Defy the Stars by Claudia Gray
Digital Audiobook narrated by Nate Begle
Published by Little, Brown Books for Young Readers on April 4, 2017
Series: Constellation #1
Genres: Romance, Science Fiction, Young Adult
Length: 503 pages or 11 hours, 21 minutes
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She's a soldier - Noemi Vidal is willing to risk anything to protect her planet, Genesis, including her own life. To their enemies on Earth, she's a rebel.
He's a machine - Abandoned in space for years, utterly alone, Abel's advanced programming has begun to evolve. He wants only to protect his creator, and to be free. To the people of Genesis, he's an abomination.
Noemi and Abel are enemies in an interstellar war, forced by chance to work together as they embark on a daring journey through the stars. Their efforts would end the fighting for good, but they're not without sacrifice. The stakes are even higher than either of them first realized, and the more time they spend together, the more they're forced to question everything they'd been taught was true.
Noemi is a Genesis soldier, and when her adoptive sister wanders toward an old Earth spaceship, Noemi swoops in to save her. After all, she shouldn’t be wandering off. When she boards, the last thing she expected to find was an A-class mech that has been missing for 30 years and far more sophisticated than its counterparts. The mech, Abel, is forced to accept Noemi as his commander and the two go on a wild hunt through Earth’s planetary colonies, seeking the supplies they need to, hopefully, stop the war between Genesis and Eart
In starting to write this review, I just had one of those weird moments where I couldn’t remember the protagonist’s name. I guess that says a lot about my feelings for Defy the Stars. It was just fine, but it wasn’t spectacular. It was forgettable. I think that the book makes a lot of promises it doesn’t keep within its world-building. There are very few things that annoy me more than a totally awesome world, and a plot that ignores all that and goes for the budding relationship. Give me contemporaries for love stories – I don’t want them breaking in and disrupting my sci-fi action scenes. They can be there, but they shouldn’t be intrusive.
Noemi and Abel are both pretty forgettable characters on their own. Noemi is your typical hard-on-the-outside-soft-on-the-inside sci-fi heroine, and Abel is your standard AI-who-discovers-he-has-feelings. Nothing about either of these characters makes them overly interesting or special. If you like the characters tropes here, fabulous! But don’t expect any exciting breakthroughs.
The worldbuilding though? Cool. I love the built in aspects of terraforming. The different colonies reminded me a little bit of the factions in Divergent – you can only be on Stronghold if you are, in some way, strong as an example. I wanted to learn more about the universe and Earth’s conquests, but all these things were a backdrop for the relationship. Even the growth of AI and Noemi’s wanting to stop the war felt like excuses to go planet hopping and fall a little more in love at each incident. If you love yourself a YA sci-fi romance, you’ll probably like it. The sci-fi aspects are wicked cool, but they take a back seat.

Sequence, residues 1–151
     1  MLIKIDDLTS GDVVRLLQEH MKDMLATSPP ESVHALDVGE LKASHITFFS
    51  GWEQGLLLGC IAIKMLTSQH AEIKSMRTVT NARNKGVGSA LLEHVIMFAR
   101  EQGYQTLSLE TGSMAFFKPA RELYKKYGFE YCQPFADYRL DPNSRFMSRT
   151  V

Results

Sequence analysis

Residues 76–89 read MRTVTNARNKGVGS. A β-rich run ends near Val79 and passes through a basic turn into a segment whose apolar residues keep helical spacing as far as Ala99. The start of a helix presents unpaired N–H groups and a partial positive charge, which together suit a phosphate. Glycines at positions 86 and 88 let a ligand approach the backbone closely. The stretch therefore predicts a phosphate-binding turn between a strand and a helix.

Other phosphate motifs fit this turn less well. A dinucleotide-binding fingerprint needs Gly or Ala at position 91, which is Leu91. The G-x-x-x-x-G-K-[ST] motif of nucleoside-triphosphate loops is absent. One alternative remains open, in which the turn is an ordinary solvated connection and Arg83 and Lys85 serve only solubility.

Worth mentioning – there’s a lot of conversation about religion here. This is personally something that makes me a bit uncomfortable. I find religion in general fascinating; Noemi is Catholic and the conversation was just preachy enough to remind me of my childhood. Noemi talks about faith and prayer quite a bit, blames God for never answering her prayers and struggles with her own waning Catholic belief. There’s not a lot of conversation about religion in YA (it’s one of the things I applauded about Heretics Anonymous) so I think it’s good it was included, even if it wasn’t to my taste. I think that there were times it felt like less of Noemi’s struggle, and more a bit… preachy. But again, I know I’m projecting a bit. Still, I hadn’t seen the mention of religion in other reviews, and as faith is the fundamental cornerstone of Genesis and a constant conversation between Noemi and Abel, it seems really important to talk about it.
Listen, Defy the Stars gets fabulous reviews on Goodreads, maintaining an over four-star average two years post-publication. If you think this is a book you may enjoy and you’ve been waffling about adding it to your TBR, just do it. It’s a great mix of new elements and tired tropes, but I can see people absolutely falling in love with this one. I’m just not one of those people. It was, as I said in the second paragraph, and overall forgettable book for me. I didn’t hate it, I don’t regret reading it, but I found it unexciting.
For those of you audiobook listeners out there – the reader for Abel is very robotic. It’s pretty clear that this is a dramatic choice, but hours in a quirky C3P0-esque monotone were… trying.